Engaging with People
Once you’ve attracted visitors to your stand, it’s vital to engage with them in a memorable way. People don’t attend exhibitions to interact with social media walls, enter competitions or receive free giveaways. Although these do help drive footfall – these draws are not enough to keep them on your stand for long. Visitors take time out from their busy schedules to search for the latest solutions. New ideas that will help solve their business problems and make their working lives easier. Once they have got past the initial draw, there needs to be substance behind the stand.
Having a clear understanding of what your prospects and potential customers’ needs in advance of the exhibition allows you to adapt your on-stand messaging to answer their problems and anticipate any questions they may have. Demonstrate your products/services in context for the visitor. In addition, provide more detailed information for the visitor to take away and access after the exhibition. This could be via branded, pre-loaded USBs, an online link, or printed collateral.
Having the right balance of staff manning your stand is important. No one likes being pounced on by a pushy sales person, but equally, your staff need to appear confident when approaching visitors. Additionally, they must have excellent knowledge of the products/services your company is offering and how they are of use to your visitors. A thorough staff briefing going through messaging, targets and dos and don’ts before the exhibition doors are flung open is a must.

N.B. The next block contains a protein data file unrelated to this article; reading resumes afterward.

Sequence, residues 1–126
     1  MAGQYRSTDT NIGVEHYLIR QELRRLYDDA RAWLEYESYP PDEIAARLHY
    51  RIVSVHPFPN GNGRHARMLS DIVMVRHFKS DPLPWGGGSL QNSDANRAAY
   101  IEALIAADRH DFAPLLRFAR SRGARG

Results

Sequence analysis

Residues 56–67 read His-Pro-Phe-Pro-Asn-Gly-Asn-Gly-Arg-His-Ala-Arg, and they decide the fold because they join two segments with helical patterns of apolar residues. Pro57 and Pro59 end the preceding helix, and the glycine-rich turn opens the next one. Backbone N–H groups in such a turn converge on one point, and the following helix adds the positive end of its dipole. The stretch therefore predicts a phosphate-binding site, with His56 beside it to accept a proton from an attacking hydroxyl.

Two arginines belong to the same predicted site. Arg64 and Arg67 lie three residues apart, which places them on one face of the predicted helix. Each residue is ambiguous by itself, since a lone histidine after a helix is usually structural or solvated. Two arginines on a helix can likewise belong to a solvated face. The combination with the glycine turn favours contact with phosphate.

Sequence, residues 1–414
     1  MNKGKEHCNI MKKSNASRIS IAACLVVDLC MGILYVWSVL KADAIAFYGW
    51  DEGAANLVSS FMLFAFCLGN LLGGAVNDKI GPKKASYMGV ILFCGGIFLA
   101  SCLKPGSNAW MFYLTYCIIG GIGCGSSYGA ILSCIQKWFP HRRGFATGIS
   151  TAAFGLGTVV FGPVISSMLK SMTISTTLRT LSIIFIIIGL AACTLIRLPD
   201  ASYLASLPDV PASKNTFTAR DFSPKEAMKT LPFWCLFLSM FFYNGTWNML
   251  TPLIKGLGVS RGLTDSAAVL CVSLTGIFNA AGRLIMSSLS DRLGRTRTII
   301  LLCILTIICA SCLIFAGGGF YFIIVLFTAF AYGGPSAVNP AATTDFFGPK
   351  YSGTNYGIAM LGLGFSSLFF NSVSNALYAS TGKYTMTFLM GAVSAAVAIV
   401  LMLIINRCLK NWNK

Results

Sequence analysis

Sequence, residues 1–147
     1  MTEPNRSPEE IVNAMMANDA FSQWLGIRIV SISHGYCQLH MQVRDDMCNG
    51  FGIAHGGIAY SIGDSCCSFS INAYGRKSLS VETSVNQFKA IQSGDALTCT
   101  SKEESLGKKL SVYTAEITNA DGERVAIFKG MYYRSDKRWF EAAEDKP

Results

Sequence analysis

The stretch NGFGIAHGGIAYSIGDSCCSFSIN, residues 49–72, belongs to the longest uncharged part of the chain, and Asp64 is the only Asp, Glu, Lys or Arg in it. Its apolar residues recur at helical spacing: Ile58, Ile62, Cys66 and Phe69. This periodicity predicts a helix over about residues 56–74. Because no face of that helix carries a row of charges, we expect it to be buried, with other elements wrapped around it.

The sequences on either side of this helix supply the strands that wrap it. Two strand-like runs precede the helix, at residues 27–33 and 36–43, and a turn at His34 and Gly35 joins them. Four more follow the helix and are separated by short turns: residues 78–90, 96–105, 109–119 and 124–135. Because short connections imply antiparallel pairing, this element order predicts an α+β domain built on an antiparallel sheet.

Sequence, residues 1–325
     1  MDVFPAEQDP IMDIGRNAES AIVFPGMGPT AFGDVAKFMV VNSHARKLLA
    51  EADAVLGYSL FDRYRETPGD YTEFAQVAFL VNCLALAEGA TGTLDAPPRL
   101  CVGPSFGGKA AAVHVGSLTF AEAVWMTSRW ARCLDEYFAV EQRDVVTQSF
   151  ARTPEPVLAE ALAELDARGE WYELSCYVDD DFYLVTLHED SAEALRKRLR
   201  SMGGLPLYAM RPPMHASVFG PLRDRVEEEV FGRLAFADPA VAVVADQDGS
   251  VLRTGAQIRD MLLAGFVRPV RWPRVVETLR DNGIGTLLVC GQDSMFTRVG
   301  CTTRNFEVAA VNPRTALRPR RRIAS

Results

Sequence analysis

Connecting with People
So much hard work, and often budget, goes into organising a successful exhibition. It can all be in vain if the follow-up isn’t well planned and executed. Through exhibitor manuals you can hire data capture devices that allow you to record your visitors’ contact details along with information relating to their specific inquiry. This intelligence is invaluable and should be used to connect with your visitors shortly after the event with a tailored and highly relevant follow-up. Making the effort to personalise your communication is really worth it, as it demonstrates to your new contacts that you’ve really taken the time to understand their business pain. Most of all it shows that you are committed to helping them find the best solutions for them.
Evaluating Successful Exhibitions
The final and, arguably one of the most important aspects of organizing an exhibition, is what can often get overlooked at the beginning of the whole planning process – evaluation. To determine the success of an event and learn from areas that could be improved next time. This links right back to the objectives set at the start of the planning phase. These success metrics could include feedback from visitors; the number of new business leads generated; the amount of direct sales taken; the level of interaction from visitors via social media, etc. Without these in place, how can you measure the effectiveness of your exhibition or event activities. As a result, how can you truly understand the return on investment that this kind of face-to-face customer engagement can generate?
To ask for advice or set up a meeting, to review your event strategies and tactics, or to understand how we can ensure your exhibition’s success, please call
Author: Alastair Wilkins – Commercial Director